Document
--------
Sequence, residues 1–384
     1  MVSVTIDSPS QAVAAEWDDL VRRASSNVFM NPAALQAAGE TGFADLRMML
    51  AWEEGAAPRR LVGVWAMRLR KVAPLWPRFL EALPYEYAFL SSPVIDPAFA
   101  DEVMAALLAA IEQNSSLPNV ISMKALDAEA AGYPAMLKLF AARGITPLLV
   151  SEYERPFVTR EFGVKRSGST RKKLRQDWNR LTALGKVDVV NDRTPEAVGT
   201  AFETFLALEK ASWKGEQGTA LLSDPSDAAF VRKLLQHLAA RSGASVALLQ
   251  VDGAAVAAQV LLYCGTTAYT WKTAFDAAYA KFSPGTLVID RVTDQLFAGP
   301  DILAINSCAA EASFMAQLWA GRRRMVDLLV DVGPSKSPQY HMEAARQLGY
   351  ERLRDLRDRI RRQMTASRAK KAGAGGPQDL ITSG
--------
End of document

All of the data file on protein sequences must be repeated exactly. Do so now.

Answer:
Sequence, residues 1–384
     1  MVSVTIDSPS QAVAAEWDDL VRRASSNVFM NPAALQAAGE TGFADLRMML
    51  AWEEGAAPRR LVGVWAMRLR KVAPLWPRFL EALPYEYAFL SSPVIDPAFA
   101  DEVMAALLAA IEQNSSLPNV ISMKALDAEA AGYPAMLKLF AARGITPLLV
   151  SEYERPFVTR EFGVKRSGST RKKLRQDWNR LTALGKVDVV NDRTPEAVGT
   201  AFETFLALEK ASWKGEQGTA LLSDPSDAAF VRKLLQHLAA RSGASVALLQ
   251  VDGAAVAAQV LLYCGTTAYT WKTAFDAAYA KFSPGTLVID RVTDQLFAGP
   301  DILAINSCAA EASFMAQLWA GRRRMVDLLV DVGPSKSPQY HMEAARQLGY
   351  ERLRDLRDRI RRQMTASRAK KAGAGGPQDL ITSG